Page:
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THE EDITOR'S PREFACE.

THE following poems having been very favourably received by the public when they first appeared,

at different times, in detached pieces, the author has been prevailed upon to permit me to collect them into this small volume.

When I requested him to give me a preface, he replied, "that to those whom such trifles afforded pleasure, a formal introduction would be unnecessary; that he wrote most of them, when he was very young, for his own amusement, and published them afterwards for my profit; and, as they had once answered both those ends, was very little solicitous what would be the fate of them for the future."

ROBERT DODSLEY.

POEMS

OF

JOHN GILBERT COOPER.

EPISTLES TO HIS FRIENDS IN TOWN,

FROM ARISTIPPUS IN RETIREMENT.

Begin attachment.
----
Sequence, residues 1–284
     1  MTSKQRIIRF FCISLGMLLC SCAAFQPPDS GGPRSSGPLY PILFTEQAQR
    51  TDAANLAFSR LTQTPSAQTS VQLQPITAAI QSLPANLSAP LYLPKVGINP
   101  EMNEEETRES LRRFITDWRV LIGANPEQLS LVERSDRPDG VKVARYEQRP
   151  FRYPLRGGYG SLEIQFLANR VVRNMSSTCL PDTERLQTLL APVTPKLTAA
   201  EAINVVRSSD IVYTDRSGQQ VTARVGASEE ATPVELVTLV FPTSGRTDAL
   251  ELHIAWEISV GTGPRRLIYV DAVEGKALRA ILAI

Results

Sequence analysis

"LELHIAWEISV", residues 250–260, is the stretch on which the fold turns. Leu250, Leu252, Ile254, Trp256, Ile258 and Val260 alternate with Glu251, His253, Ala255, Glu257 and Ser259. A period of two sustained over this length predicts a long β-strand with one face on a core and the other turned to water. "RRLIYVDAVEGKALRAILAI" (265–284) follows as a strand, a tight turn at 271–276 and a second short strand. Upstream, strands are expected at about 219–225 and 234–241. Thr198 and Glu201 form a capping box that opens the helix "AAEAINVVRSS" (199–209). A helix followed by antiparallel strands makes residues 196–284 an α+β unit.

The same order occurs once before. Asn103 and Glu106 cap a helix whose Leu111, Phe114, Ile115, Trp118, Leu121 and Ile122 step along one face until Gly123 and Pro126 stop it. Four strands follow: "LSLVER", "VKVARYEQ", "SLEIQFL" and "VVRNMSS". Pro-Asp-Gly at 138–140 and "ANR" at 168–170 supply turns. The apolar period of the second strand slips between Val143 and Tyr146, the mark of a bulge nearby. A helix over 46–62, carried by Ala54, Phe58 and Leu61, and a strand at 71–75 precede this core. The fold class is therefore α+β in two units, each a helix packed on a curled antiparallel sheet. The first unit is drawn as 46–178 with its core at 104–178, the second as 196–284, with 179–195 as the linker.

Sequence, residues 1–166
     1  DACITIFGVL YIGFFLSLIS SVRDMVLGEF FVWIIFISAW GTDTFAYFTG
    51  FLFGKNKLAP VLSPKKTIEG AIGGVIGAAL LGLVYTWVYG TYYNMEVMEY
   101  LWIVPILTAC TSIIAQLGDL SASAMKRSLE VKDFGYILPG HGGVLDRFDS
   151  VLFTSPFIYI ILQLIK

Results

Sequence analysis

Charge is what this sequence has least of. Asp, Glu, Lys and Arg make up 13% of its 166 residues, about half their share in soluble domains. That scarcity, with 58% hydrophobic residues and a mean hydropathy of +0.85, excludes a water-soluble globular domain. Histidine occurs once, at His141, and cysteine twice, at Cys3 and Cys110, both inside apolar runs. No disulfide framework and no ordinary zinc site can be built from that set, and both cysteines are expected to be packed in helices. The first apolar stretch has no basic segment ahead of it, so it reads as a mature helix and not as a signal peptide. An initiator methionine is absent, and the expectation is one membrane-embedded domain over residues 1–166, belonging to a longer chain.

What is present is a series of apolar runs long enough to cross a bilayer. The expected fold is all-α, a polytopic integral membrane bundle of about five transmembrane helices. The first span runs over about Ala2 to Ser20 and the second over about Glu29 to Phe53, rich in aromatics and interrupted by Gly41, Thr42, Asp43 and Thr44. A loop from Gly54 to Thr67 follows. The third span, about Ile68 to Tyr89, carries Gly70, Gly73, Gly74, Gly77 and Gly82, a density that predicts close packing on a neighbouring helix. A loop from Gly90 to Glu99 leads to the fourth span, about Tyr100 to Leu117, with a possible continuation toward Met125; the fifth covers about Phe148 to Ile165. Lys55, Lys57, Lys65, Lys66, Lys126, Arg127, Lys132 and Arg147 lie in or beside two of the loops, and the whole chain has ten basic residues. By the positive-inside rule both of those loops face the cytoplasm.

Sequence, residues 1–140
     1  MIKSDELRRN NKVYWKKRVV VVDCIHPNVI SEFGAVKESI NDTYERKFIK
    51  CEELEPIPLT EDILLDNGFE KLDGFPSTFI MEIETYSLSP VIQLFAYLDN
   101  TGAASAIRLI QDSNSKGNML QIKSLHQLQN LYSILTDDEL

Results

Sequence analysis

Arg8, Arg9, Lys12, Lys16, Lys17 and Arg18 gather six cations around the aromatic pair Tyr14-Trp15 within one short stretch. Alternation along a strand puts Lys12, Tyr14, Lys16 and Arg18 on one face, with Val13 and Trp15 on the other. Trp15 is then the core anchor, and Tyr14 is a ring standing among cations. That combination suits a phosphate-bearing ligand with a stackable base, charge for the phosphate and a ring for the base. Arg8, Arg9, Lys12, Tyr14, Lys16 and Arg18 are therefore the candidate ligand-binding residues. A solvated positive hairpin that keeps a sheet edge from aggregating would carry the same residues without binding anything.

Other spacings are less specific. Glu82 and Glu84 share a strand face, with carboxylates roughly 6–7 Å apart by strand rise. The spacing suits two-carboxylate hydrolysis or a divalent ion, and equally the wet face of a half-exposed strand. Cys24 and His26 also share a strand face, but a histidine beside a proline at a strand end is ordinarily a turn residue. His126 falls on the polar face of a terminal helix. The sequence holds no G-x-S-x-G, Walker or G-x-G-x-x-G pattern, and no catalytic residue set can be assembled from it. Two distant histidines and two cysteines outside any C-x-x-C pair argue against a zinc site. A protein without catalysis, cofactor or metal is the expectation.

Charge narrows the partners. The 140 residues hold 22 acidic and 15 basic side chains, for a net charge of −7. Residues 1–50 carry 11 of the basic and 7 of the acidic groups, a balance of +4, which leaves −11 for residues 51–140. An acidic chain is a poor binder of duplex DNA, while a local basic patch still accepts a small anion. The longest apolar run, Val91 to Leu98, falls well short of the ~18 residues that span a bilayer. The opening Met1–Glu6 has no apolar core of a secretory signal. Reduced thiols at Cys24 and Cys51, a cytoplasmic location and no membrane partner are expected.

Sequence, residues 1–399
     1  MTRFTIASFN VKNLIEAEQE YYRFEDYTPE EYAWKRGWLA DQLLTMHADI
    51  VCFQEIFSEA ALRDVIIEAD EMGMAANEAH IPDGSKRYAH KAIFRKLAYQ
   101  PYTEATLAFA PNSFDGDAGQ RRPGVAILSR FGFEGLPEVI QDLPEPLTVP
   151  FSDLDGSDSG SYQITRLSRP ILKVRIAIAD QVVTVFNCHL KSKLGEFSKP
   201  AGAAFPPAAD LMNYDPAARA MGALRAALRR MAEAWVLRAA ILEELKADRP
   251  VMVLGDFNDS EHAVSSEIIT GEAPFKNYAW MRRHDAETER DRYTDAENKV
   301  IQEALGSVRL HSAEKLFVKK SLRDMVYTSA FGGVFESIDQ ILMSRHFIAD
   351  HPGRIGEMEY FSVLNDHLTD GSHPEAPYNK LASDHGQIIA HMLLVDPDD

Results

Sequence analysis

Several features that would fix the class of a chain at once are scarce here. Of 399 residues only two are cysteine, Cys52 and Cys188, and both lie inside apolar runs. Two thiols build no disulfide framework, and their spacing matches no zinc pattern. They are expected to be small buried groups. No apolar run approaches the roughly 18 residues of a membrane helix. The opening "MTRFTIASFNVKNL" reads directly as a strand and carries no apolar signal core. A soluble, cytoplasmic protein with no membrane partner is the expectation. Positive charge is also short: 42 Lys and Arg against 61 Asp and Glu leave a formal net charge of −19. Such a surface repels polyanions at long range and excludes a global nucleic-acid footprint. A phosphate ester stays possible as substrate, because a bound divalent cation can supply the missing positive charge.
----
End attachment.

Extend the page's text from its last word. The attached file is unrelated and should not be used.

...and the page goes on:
The species of poetry, in which the following istles are written, has been used, with great access, among the French, by Chapelle, Chaueu, La Fare, Gresset, Madame Deshouliéres, nd others; but I do not remember to have seen before in the English language. The unconfined turn of the rhymes, and easiness of the diction, em peculiarly adapted to epistolary composions. The author professedly imitates the geeral manner of the above-mentioned writers, at he is more particularly obliged to Gresset, or two or three hints in his performance, which has acknowledged in the marginal notes. The eader will not forget, that these four epistles were ritten originally under a fictitious character.

THE RETREAT OF ARISTIPPUS.

EPISTLE I.

TO HIS GRACE THE DUKE of **

Je vous livre me réveries
Que quelques verités hardies,
Viennent librement mélanger.

GRESSET.

EIZ'D with the rage of being great
In courts, my lord, let others lead
Exchanging happiness for state)